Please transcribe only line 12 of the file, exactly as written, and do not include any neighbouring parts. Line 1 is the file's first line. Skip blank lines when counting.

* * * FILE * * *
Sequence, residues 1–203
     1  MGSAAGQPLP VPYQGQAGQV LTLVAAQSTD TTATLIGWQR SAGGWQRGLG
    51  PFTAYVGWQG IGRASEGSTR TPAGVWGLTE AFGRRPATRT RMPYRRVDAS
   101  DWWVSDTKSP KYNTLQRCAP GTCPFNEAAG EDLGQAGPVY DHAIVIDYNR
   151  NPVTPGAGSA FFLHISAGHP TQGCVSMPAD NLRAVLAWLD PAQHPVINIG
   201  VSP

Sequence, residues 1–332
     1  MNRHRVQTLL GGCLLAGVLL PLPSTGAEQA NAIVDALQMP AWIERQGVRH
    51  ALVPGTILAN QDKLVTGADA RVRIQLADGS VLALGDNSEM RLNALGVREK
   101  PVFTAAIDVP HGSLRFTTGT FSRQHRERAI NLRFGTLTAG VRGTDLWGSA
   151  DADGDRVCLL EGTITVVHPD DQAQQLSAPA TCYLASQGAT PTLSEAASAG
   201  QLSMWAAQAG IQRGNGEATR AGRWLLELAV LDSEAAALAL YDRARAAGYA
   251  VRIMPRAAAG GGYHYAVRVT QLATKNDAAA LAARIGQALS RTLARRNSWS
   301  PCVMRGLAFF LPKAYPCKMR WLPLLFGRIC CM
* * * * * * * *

   201  QLSMWAAQAG IQRGNGEATR AGRWLLELAV LDSEAAALAL YDRARAAGYA